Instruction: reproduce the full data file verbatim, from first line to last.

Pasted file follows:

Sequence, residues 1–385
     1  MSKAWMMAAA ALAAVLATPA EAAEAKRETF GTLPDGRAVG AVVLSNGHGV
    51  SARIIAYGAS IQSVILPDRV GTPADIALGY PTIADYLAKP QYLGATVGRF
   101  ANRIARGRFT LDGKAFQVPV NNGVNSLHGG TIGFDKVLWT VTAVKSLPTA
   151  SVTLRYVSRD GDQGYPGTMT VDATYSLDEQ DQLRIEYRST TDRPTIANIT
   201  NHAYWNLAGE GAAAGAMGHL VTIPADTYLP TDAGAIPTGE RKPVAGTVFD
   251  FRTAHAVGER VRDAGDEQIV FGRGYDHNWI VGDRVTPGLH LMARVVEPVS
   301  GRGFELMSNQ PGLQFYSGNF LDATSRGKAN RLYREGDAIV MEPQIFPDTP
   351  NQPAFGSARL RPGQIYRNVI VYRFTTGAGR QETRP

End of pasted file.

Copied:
Sequence, residues 1–385
     1  MSKAWMMAAA ALAAVLATPA EAAEAKRETF GTLPDGRAVG AVVLSNGHGV
    51  SARIIAYGAS IQSVILPDRV GTPADIALGY PTIADYLAKP QYLGATVGRF
   101  ANRIARGRFT LDGKAFQVPV NNGVNSLHGG TIGFDKVLWT VTAVKSLPTA
   151  SVTLRYVSRD GDQGYPGTMT VDATYSLDEQ DQLRIEYRST TDRPTIANIT
   201  NHAYWNLAGE GAAAGAMGHL VTIPADTYLP TDAGAIPTGE RKPVAGTVFD
   251  FRTAHAVGER VRDAGDEQIV FGRGYDHNWI VGDRVTPGLH LMARVVEPVS
   301  GRGFELMSNQ PGLQFYSGNF LDATSRGKAN RLYREGDAIV MEPQIFPDTP
   351  NQPAFGSARL RPGQIYRNVI VYRFTTGAGR QETRP